The finds of flint and stone implements, considerable quantities of iron slag, bone, pottery and a worked wooden object possibly part of an oar, demonstrates multiple phases of use in prehistory. Other finds suggest that the cave continued in use until at least the early medieval period. The cave therefore contains evidence of a long sequence of intermittent occupation during the Neolithic, the Iron Age and Early Historic periods. The plan of the adjacent prehistoric house suggests that it dates from the Bronze Age.

The excavation report shows that Scott dug several trenches within the cave, but his excavations were incomplete and it is likely that the remaining buried sediments retain significant archaeological potential. The prehistoric house was unexcavated. It is expected that further investigation of this site using current archaeological techniques would reveal new evidence about the various uses of Creag a' Chapaill Cave. This could include further details relating to the date of its original and later uses, and its relationship with the neighbouring prehistoric house. The house may have been the domestic site for the industrial activities taking place within the cave.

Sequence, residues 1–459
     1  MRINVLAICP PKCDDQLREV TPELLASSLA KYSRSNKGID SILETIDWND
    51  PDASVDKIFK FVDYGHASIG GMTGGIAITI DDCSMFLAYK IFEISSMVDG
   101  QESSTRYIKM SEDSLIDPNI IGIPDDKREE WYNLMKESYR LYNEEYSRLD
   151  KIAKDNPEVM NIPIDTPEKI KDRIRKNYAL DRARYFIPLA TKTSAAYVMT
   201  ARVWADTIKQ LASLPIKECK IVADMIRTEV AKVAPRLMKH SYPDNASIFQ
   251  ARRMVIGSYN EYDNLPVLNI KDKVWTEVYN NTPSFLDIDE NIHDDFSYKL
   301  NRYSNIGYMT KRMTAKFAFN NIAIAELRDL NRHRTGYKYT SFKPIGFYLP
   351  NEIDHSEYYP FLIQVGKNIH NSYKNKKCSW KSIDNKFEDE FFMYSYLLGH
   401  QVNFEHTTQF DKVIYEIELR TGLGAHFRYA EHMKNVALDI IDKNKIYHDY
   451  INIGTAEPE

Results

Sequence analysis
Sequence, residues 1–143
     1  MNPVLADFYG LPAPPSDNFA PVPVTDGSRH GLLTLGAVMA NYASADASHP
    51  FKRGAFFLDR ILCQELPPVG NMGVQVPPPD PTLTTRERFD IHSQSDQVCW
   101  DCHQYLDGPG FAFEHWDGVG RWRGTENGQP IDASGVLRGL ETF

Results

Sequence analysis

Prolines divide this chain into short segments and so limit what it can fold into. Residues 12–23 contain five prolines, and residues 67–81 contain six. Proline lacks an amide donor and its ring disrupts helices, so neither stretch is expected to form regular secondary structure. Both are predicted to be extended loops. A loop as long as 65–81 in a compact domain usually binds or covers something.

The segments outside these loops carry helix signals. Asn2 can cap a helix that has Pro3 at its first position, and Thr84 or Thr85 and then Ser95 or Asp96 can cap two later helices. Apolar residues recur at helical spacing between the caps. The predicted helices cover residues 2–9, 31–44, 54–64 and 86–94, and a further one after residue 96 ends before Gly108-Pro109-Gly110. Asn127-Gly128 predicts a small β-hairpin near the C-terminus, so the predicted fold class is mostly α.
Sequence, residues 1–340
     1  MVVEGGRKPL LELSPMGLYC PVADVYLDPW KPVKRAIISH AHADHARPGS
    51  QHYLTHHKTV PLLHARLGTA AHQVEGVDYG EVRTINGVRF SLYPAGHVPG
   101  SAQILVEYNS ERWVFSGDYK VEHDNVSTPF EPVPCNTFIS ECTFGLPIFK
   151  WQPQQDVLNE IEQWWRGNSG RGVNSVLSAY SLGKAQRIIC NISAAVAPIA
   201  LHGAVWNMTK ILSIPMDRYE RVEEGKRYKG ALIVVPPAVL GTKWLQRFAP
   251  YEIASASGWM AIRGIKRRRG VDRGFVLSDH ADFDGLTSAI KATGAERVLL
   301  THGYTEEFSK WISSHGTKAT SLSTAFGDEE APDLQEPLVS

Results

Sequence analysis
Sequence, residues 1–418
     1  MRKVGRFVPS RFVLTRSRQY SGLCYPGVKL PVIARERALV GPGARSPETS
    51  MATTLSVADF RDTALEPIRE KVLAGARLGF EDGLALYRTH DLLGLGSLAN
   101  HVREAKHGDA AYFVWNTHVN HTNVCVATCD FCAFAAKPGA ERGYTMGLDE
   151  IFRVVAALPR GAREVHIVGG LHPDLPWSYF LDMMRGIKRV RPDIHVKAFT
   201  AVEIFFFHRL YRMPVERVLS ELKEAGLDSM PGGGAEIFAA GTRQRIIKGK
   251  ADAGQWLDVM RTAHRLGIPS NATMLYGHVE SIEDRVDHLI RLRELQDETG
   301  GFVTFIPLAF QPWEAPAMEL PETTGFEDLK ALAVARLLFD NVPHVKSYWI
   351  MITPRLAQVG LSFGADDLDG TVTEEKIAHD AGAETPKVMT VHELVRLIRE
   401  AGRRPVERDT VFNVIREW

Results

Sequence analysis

Contextual Characteristics

The monument is located on the peninsula of Rubha an Dunain, on the southern end of the Isle of Skye. The peninsula contains significant evidence for prehistoric occupation. Two cairns are located approximately 600m to the west, on the far side of Loch na h-Airde. The larger cairn, which has been excavated, has a central chambered which contained beaker pottery similar that found in the cave. A stone build dun is located approximately 470m to the southwest of the cave, and it occupation may have been contemporaneous with the metalwork evidence from the cave.